The impact of microbial ecology on operation of biosolids treatment trains

The impact of microbial ecology on operation of biosolids treatment trains

Project 1C

In this project, advanced microbial technologies will be employed together with pioneering approaches that combine bioanalytical tools and advanced mass spectrometry techniques to investigate which microbiological processes directly impact the properties of the biosolids during anaerobic digestion or products from the advanced transformation of biosolids, studied in Theme 2.

This will lead to an understanding of the risk associated with biosolids processing and transformation, informing projects in Theme 3.

One key foci of the research undertaken will be on assessing poor performance of anaerobic digestion during stabilisation of sewage sludge. Arguably the top issues with anaerobic digestion which can influence the activity and diversity of the microbial community is foaming, and this will be a particular focus for this project.

Other factors which will also be examined are acidification, increasing viscosity, increasing volatile fatty acid and alkalinity and low methane yield (volatile solids destruction).

This project investigates the influence of these factors on microbial populations and performance.

Our team

Andy_Ball_HS

Dist. Prof Andy Ball

Lead Chief Investigator

RMIT University

Stuart_Khan_HS

Prof Stuart Khan

Chief Investigator

University of New South Wales

Denis_OCarroll_HS

Prof Denis O'Carroll

Chief Investigator

University of New South Wales

Richard_Stuetz_HS

Prof Richard Stuetz

Chief Investigator

University of New South Wales

Leadin Khudur DSC_8085

Dr Leadin Khudur

Industry Centre Post doc

RMIT University

Christian Krohn

Christian Krohn

Industry Centre Post doc

RMIT University

IMG_9510

A/Prof Michael Burton

University of Western Australia

IMG_9458

A/Prof Thomas Wiedmann

University of New South Wales

Enhancing resource recovery through thermal/hydrothermal processing

Enhancing resource recovery through thermal/hydrothermal processing

Project 1B

Currently, there is no broadly applicable, non-agricultural beneficial use option for biosolids. Incineration dissipates the nitrogen, fixes the phosphorus, is generally energy negative, and has nil community support. Landfill is unsustainable and extremely expensive.

This project will investigate new thermal and chemical technologies such as pyrolysis, gasification and hydrothermal liquefaction (through an ICPD) to effectively capture chemical and energy resources, leading to development of a zero-waste processing route.  The aim will be to develop a comprehensive technology assessment tool that can assist water industries in selecting thermal/hydrothermal technology for regional and urban settings.

The HDR projects will specifically investigate hydrothermal liquefaction, pyrolysis and gasification as key future technology options.  The HDR projects will focus on:

  1. Identification of optimum process conditions for producing high-value products for hydrothermal processing, and
  2. Investigation of the fate of nutrients mainly in the solids and aqueous streams in thermochemical processing such as pyrolysis, gasification and hydrothermal liquefaction.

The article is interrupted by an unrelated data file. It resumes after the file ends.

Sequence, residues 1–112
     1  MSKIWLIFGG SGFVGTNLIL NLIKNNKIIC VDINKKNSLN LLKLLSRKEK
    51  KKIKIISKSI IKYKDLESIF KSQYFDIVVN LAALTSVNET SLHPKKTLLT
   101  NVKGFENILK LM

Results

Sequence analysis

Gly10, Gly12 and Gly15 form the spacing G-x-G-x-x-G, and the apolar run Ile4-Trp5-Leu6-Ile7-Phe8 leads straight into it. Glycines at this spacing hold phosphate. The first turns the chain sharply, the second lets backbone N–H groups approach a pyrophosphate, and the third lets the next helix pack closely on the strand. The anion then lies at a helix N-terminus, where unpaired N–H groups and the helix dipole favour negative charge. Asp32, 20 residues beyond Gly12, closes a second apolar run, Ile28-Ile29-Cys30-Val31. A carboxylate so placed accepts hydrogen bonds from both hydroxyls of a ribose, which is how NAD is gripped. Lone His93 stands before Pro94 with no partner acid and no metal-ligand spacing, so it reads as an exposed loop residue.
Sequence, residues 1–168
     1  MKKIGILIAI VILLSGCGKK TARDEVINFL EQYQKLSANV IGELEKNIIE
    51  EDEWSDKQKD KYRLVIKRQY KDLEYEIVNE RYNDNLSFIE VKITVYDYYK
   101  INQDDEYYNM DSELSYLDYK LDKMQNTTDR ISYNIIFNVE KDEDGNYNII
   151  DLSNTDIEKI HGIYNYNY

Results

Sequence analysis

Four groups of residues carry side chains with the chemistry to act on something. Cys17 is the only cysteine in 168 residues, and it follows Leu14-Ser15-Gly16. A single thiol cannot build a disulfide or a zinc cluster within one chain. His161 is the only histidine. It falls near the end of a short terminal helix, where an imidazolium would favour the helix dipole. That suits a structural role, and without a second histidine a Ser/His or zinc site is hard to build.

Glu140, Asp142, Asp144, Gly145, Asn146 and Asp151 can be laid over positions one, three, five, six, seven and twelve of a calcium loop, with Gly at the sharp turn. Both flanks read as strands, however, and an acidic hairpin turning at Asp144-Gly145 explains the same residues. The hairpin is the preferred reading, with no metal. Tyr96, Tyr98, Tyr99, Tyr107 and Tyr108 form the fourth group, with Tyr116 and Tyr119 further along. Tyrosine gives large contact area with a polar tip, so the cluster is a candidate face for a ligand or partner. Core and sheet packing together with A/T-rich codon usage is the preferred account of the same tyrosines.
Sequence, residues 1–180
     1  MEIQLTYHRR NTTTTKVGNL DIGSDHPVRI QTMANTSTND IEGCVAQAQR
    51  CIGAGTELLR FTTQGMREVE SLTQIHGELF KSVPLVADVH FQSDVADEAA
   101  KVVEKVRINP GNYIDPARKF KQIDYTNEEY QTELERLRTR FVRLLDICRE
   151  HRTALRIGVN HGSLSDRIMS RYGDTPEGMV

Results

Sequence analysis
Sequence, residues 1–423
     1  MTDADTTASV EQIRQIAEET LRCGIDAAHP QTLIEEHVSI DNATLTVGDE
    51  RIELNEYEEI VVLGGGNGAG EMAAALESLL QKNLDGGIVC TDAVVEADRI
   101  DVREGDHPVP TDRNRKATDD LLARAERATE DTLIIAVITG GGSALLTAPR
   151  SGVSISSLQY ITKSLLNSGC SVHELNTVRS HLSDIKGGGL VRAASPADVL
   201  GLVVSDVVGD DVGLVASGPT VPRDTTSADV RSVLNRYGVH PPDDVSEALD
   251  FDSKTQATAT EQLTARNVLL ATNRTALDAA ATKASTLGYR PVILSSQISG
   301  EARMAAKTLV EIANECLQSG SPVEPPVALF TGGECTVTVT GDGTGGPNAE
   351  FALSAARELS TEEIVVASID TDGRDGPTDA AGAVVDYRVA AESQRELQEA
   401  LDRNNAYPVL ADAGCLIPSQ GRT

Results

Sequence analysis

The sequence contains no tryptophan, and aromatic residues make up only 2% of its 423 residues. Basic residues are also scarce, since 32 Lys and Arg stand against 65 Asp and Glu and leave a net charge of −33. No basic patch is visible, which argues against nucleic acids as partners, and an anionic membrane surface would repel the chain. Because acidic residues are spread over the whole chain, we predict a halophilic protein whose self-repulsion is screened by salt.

Our team

Kalpit 2021 (2)

A/Prof Kalpit Shah

Lead Chief Investigator

RMIT University

Damien_Batstone_HS

Prof Damien Batstone

Chief Investigator

University of Queensland

Savan

Dr Savankumar Patel

Industry Centre Post doc

RMIT University

IMG_9458

A/Prof Thomas Wiedmann

University of New South Wales

Novel biosolids processing routes for next generation, high quality products

Novel biosolids processing routes for next generation, high quality products

Project 1A

The agricultural application of biosolids is likely to remain a major beneficial use option. The major risk is the presence of odour, heavy metals, micro-plastics, emerging contaminants, drugs and pesticides that pose a risk to adoption. Also, biosolids are bulky in nature, have very high moisture content and are difficult to dewater.

Research is needed to reduce the (currently) high transportation costs, high diesel consumption, and related carbon dioxide emissions. Industries are actively looking for alternative technologies that can reduce biosolid volume as well minimise/eliminate undesirable characteristics.

The project will focus on:

  1. Developing low cost, innovative biological and additive drying, hydrolysis and pyrolysis technologies with/without blending with other organic food or meat industry waste streams, and
  2. Characterising and determining transformations that occur during biological and additive drying, hydrolysis and pyrolysis in the inert fractions contributed from both primary and activated sludges, with an aim to produce high quality next generation products for agriculture applications.

The ICPD working on this project will perform experimental investigations and detailed techno-economic comparison of biological and additive drying, hydrolysis and pyrolysis technologies.

Our team

Damien_Batstone_HS

Prof Damien Batstone

Lead Chief Investigator
University of Queensland

Andy_Ball_HS

Dist. Prof Andy Ball

Chief Investigator
RMIT University

Anas_Ghadouani_HS

Prof Anas Ghadouani

Chief Investigator
University of Western Australia